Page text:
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Miter folded end grain cabinet3/20
I am building a floating prep sink cabinet. And the client would like an 1.75" thick end grain counter top, but she wants the counter to wrap around both side of the cabinet as well as the front. The dimensions are 63" long 24" deep and 24" tall. I told her I could waterfall the 2 side but did not feel comfortable having it wrap around the front. I just wanted to get other peoples thoughts on having the front miter folded as well. My main concern is that having 2 sided, top and front all connected together that there would be a greater possibility for warping. Would anyone here feel comfortable miter folding top(24x63), front(24x63), and 2 sides(24x24)?
End grain top won't "waterfall" anyway, right? What is the point of putting such an expensive surface in the vertical plane? Suggest an edge grain for the vertical surfaces, and biscuit or domino the components. If you can use a prefab slab (BoosBlock) then the cuts and joinery are easy, and the blanks are stellar. Now, "Floating Cabinet" may bring its own pitfalls, this sounds like it is going to weigh about 500 lbs.
Yes, you are correct there will be no real waterfall effect. I guess I throw the term out there haphazardly. Why end grain on the vertical surface, not sure, its what the designer wanted.
So to be clear you are suggesting that the top still be made out of 1.75" end grain, but only extend the outside perimeter (1.5-2")down 24" with edge grain?
Definitely planing on putting good blocking with steel supports to hold it.
Yes you could do that, making butt joints.
If the designer wants a "seamless" miterfold, you could miter the edges of all the components and assemble with glue and biscuits or dominos. More work but might come closer to the design intent.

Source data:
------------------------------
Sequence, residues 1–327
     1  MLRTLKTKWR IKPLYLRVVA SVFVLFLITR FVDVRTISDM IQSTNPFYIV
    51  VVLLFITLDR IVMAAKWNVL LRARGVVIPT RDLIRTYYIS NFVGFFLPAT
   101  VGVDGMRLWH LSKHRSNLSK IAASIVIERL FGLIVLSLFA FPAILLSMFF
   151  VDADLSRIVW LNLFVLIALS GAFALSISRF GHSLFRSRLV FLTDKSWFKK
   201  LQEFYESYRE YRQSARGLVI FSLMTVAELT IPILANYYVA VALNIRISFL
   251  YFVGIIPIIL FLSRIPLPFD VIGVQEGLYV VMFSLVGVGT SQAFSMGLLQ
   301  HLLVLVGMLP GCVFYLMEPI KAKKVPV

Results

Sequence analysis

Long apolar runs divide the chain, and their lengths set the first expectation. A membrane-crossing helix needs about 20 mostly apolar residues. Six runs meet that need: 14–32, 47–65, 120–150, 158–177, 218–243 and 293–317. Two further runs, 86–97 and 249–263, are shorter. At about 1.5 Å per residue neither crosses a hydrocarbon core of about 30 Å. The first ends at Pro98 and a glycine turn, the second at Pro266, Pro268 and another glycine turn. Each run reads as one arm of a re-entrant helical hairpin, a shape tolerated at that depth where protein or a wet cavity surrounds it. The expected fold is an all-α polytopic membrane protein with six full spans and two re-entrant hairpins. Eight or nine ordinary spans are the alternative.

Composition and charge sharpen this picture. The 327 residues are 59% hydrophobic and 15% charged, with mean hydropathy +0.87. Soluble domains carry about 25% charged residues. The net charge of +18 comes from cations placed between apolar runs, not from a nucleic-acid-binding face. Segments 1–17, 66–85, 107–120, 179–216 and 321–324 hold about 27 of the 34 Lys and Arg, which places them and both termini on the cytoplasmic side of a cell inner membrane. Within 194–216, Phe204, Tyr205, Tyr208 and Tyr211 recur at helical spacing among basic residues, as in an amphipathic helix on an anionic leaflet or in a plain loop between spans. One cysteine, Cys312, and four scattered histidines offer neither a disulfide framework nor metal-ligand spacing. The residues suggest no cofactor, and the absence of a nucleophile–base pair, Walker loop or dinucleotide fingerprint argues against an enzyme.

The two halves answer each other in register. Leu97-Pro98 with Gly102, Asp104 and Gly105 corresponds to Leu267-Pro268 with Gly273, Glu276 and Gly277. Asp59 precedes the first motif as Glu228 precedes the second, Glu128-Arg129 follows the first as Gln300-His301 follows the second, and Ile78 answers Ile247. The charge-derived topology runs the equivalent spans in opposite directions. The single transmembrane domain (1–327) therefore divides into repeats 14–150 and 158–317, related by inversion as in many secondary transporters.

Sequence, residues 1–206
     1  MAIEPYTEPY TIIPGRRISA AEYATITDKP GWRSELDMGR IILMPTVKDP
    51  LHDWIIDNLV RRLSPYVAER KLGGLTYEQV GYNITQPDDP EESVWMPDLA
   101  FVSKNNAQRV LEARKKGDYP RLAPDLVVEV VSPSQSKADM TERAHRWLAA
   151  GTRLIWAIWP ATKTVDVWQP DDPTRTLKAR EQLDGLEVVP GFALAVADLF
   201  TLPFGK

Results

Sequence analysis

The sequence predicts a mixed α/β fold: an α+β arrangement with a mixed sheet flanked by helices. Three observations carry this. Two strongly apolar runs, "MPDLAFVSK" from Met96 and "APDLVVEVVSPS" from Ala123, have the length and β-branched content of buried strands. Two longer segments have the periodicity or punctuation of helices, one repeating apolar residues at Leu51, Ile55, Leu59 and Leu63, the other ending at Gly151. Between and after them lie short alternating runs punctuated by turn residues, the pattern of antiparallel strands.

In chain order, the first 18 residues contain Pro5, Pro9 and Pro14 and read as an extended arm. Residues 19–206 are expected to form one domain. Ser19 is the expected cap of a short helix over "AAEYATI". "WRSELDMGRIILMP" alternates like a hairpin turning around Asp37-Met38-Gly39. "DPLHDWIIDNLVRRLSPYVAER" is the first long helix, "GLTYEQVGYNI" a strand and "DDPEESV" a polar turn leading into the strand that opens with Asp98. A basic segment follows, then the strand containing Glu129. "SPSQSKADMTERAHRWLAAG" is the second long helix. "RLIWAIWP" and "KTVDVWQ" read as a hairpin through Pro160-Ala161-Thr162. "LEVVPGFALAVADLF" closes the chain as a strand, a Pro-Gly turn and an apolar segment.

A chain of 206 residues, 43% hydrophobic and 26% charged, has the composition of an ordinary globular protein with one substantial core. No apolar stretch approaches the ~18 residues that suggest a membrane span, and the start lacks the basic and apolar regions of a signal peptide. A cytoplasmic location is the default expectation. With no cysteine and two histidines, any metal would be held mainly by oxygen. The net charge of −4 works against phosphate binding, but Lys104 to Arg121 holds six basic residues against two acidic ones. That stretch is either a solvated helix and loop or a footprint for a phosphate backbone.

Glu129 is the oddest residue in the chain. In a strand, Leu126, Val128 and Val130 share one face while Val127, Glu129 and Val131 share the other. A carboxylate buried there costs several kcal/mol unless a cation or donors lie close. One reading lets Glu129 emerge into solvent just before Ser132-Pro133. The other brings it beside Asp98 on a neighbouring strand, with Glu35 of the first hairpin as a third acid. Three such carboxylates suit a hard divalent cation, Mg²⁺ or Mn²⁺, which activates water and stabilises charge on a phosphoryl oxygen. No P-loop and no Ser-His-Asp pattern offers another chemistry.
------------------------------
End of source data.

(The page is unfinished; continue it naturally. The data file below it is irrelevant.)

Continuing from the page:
Better watch mixing up grain directions between the sides and the top.
We did an end grain top in a commercial building we wouldn't miter it , we did butt joints.
Maybe you could propose some sort of an aluminum or stainless bead break on the front face and fold them with the break in there.
Unfortunately I think those of us in the wood business see the design/mechanical flaws in what the designer wants but they often have no idea.
Always sketchy flirting the line between a suggested change due to mechanics and the reality of wood construction and the designers digging their heels in because they think you think your fiddling with their design.
Time to put your tactical sales cap on if you want the job to move forward.
Phrasing everything in any way possible to let the designer think they came up with the solution (lots of question marks in your response) seems to work well for me.
They pick one of your solutions, reframe it as their own novel solution to a simple problem, and you cash their check.
What about making a thin veneer from the end block.
I am thinking about running the grain one direction to minimize grain movement problems: The top is end grain, 1-3/4" th. The grain runs vertically. As it gets to the front, or the sides, it runs the full height (24" or ?) So, looking at the front of the cabinet (as it floats by...) we will see edge grain running vertically and ending up flush at the upper surface. Same at the sides - vertical grain running up the sides, parallel to the top grain direction.
You could also do the fourth side, simulating a 24" x 24" x 63" chunk of wood.
This 'top' will need to float as it is located and fastened onto the floating cabinet.
Miterfold (in my book) is a newish term in woodworking that relates to the machine operation of cutting almost all the way thru with a 90 degree bit on point, allowing a melamine, paper or foil backed man made board to be folded for a quick and inexpensive 'joint' for drawers, etc. It is not appropriate for solid wood miters such as you describe. That are simply mitered joints.
Waterfall (in my book) also a newish term, refers to the application of short vertical grain wood/veneer usually on an apron, skirt or frieze board that is oriented horizontally but up on edge. Like a table apron. The term has now been appropriated to mean a countertop that extends beyond the cabinet and turns 90 degrees towards the floor.
Thanks guys for your responses. The designer seemed to be on board with only running the top down the sides. I am having a zoom meeting (thanks to covid-19) this week with the designer and client, if the designer or client brings it up again I will recommend what David R Sochar described, this seems to be the most stable option.